campaign (noun, verb) /kæmˈpeɪn/ LISTEN
A campaign is a series of operations undertaken for a specific purpose. On a military campaign, these operations are part of a war. However, campaigns can be related to politics, sales, marketing, or anything else aiming to achieve a certain goal. In politics, a campaign is a competition between candidates and parties. As a verb, to campaign means ‘to go on or serve in a campaign.’
- The military campaign achieved its aim of winning a portion of enemy territory.
- The politician's campaign was unsuccessful, as he lost the election.
- The company is launching a new advertising campaign this week.
- Lucy had finally had enough of her boss's campaign of persecution and she resigned.
- The candidates are campaigning harder than ever now that the election is getting closer.
Words often used with campaign
grass-roots campaign: a campaign that has grown among ordinary people and has popular support. Example: “Local government was surprised by the strength of the grass-roots campaign against the proposed changes to the community.”
smear campaign: a determined effort to damage somebody’s reputation. Example: “The newspaper boss’s smear campaign against the popular politician failed and he was elected anyway.”
campaign for or against something: to carry out a series of actions either to promote something or to prevent something from happening. Example: “The activists are campaigning against the new factory being built in this town.”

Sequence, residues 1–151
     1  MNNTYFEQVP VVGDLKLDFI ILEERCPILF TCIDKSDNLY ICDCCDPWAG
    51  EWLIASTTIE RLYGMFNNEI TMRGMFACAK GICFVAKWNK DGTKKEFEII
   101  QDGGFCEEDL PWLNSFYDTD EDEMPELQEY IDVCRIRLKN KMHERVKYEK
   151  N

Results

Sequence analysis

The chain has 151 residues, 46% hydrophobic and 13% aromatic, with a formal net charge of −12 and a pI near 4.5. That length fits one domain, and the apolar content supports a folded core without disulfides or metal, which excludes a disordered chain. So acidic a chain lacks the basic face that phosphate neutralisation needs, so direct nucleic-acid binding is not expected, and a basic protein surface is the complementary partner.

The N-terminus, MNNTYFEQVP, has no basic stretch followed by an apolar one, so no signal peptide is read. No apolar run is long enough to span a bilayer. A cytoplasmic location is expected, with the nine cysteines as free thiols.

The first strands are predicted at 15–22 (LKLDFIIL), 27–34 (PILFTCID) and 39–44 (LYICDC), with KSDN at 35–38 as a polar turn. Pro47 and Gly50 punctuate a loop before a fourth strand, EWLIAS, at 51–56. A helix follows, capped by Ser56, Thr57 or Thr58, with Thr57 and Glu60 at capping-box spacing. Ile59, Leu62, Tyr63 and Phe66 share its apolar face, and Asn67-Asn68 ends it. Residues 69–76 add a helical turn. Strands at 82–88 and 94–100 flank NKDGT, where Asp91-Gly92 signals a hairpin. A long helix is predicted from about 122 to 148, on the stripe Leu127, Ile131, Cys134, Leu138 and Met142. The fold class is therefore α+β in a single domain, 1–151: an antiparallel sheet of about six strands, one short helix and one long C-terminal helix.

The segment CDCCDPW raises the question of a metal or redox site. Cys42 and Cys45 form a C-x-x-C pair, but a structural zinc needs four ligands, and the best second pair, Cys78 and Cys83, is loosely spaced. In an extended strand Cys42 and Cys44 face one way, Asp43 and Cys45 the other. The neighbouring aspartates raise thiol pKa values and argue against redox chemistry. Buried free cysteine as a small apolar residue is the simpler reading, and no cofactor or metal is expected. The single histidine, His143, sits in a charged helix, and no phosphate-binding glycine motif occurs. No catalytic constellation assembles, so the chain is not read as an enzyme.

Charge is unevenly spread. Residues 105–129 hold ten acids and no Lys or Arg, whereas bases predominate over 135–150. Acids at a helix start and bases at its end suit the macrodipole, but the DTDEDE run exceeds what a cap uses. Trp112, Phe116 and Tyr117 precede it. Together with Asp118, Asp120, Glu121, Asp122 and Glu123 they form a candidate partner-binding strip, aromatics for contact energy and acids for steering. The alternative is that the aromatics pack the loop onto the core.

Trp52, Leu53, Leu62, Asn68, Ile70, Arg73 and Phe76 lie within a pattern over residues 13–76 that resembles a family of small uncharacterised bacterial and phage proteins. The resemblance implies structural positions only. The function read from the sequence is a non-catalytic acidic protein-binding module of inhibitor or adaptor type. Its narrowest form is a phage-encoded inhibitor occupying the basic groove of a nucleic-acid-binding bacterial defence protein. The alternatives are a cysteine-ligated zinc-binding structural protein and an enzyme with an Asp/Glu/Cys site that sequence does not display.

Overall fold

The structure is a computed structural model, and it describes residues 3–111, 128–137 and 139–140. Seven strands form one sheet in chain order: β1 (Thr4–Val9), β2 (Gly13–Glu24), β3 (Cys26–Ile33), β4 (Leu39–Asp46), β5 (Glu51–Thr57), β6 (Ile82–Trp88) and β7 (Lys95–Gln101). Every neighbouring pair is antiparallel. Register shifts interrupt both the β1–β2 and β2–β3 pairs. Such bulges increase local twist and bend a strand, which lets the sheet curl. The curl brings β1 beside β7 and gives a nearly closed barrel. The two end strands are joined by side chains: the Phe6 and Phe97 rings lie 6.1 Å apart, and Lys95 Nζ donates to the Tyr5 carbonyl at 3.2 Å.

In pop culture
Sometimes there are campaigns about campaigns. Watch this video from the organization Rock the Vote, which was part of their 2012 campaign to get people to vote.
And here’s a video from a more recent campaign.
Did you know?
The Plan of Campaign took place in Ireland between 1886 and 1891. It was an attempt by Irish politicians to ease some of the problems being caused to tenant farmers (farmers who rent their land rather than owning it) by low dairy prices and crop failures. The aim of the Plan was to enable farmers to pay lower rents. Any farmers who were struggling were to offer their landlords a reduced amount of rent. If the landlord refused to accept, the tenants were to pay no rent at all to the landlord, but instead they planned to pay it to a committee of trustees who gathered all this money together to help any farmers who were evicted for non-payment of rent. This led to disagreement between landlords and tenants, as well as to violence and intimidation. The organizers claimed the campaign was successful in the end, as agreements had been reached on many of the farms, but many of the farmers paid a high price, with some spending time in jail and farms being neglected when tenants were evicted, before an agreement was finally reached and they were able to return. You can read more about the Plan of Campaign here.
Campaign dates back to the early 17th century and comes from the Old French noun champagne (countryside), which was a place suited to mount a campaign in the military sense. The word, in turn, comes from the Late Latin campānia, ‘level district or level country,’ and even further back in time, from the Latin camp(us), meaning ‘field.’ It is related to the Italian noun campagna, the French noun campagne and the Spanish noun campaña, among others. The verb comes from the noun, and dates back to around the year 1700. The political sense of campaign was first used around the year 1800.